Where does one start to try to explain or understand the weirdness that has been and continues to be 2020.
I will try to leave my personal journey out of this although it will inevitably bleed in as my physical, mental and spiritual well-being are intrinsically connected to Drum Machine.
We, like everyone else in the UK and almost the world, went into a full lockdown in March of 2020. The world closed. Businesses, shops, schools, gyms, community centres, pubs, clubs, venues, festivals…… EVERYTHING closed down and myself, like most who lost their revenue stream, focused on preservation of self and family.
I feel its enough to say that it was tough. It feels to me like we have all been tested and pushed to a point where you either sink or swim.
Drum Machine, like all other businesses, accepted the lockdown and everything ground to a halt. No rehearsals, no gigs, no workshops and we did what most others did and descended into a world of zoom meetings. They were the only way for us all to stay connected.
We did manage to keep ourselves busy on some level during the months by giving the band and the drums a new look. We also shot a new video with the help of a new film and media crew that are on board with us now. Check it here.
When lockdown ended in its first stages, by that I mean shops and pubs and community centres reopened and we were allowed to rehearse again under strict c-19 guidelines, a very strange set of events happened which has turned out to be the most positive thing that has ever happened to Drum Machine and myself.
Since our beginning, we have rehearsed at Salem Community Centre in the beautiful West Yorkshire town of Hebden Bridge. The room we used was quite small. When we had 40 players in there it was tight.
To enable us and other building users to come back, the manager of the centre decided to move everyone up too the huge room and the top of the building. I resisted a little because i knew there would be some work required to sound proof the windows, but we had no choice.
So we set to work and a few of the players lead by Dave Edwards and designed by Adam Tennant (both bass players in Drum Machine) constructed huge shutters with soundproofing attached to cover the 9 massive windows in that room.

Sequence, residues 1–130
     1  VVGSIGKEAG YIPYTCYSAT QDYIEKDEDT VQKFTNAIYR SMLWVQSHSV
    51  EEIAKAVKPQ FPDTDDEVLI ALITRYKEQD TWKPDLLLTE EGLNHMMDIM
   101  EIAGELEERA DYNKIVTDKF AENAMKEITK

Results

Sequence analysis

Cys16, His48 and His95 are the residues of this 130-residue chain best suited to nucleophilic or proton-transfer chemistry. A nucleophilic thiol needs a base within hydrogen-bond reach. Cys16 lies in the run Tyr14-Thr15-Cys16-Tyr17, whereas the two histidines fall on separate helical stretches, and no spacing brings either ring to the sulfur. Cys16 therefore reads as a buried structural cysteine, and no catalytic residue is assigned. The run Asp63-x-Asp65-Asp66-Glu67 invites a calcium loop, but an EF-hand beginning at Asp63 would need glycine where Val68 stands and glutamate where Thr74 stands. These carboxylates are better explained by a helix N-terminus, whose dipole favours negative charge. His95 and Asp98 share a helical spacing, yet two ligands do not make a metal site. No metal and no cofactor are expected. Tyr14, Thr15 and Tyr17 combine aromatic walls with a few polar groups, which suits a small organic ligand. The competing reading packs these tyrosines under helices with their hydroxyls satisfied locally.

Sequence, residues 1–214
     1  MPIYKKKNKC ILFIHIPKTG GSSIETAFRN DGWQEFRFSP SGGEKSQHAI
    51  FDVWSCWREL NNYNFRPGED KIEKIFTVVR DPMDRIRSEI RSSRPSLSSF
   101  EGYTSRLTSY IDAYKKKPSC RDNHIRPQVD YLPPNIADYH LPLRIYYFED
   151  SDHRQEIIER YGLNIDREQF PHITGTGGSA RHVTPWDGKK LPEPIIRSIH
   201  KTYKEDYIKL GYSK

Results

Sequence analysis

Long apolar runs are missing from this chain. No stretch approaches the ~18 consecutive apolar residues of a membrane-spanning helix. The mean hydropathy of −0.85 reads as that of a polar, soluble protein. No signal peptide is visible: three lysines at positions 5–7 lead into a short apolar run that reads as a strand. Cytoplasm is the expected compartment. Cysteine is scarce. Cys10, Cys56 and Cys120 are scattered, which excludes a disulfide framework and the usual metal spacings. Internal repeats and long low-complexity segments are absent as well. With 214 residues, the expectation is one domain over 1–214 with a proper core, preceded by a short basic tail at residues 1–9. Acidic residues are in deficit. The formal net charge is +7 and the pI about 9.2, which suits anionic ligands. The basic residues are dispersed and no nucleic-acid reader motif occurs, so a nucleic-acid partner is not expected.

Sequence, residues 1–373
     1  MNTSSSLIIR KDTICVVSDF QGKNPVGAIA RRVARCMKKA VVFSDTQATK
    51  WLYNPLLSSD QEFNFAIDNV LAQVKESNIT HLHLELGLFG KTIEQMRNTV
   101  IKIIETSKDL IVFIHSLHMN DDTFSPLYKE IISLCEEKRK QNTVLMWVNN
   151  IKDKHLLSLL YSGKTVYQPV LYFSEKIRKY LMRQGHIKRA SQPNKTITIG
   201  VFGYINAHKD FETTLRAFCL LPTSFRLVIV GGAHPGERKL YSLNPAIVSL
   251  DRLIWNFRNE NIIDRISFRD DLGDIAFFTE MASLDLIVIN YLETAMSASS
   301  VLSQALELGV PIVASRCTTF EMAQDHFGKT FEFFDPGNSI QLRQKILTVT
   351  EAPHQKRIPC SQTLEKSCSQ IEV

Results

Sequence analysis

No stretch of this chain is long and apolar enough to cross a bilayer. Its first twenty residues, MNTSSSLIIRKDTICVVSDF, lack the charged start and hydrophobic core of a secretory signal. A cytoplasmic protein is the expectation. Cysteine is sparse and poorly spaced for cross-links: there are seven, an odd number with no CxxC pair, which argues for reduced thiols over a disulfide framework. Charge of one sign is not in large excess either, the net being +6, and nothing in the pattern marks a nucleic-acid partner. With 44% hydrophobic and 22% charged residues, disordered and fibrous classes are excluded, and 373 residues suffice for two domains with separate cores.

We moved upstairs into a space that could easily get 40 players in 2 metres apart and where we were able to adhere fully to all C-19 guidelines.
Literally overnight, I felt like we had been pot bound for years in the small room limited by its size as to where our creative energy could go.
Now, all of sudden we had this huge space and doors started to open. Because there were fewer users in the building, we were able to secure a second night in that room and launched a new rolling Drum Machine course.
We didn’t really know what the take up would be and were delighted when we found ourselves overwhelmed with the response. We expected about 20. We got over 70 people apply.
We now run 2 courses on Thursday nights with 20 people in each and we have another 20 on the waiting list. It was obvious that the people really needed something. And I stepped back into my favourite role, that of being a teacher.
I have long since been convinced of the healing power of repetition.
It is what united us all together on the dance floors of the late 80’s, 90’s and beyond. A reclaiming of a lost energy.
And I started to see myself more as a healer than a performer.
PS If you are interested in coming along to one of Drum Machine's Monthly 4 Week Courses (Thursday evenings in Hebden Bridge), email firstname.lastname@example.org and get your name down on the list for when a place becomes available. Opportunities to join the band start here also.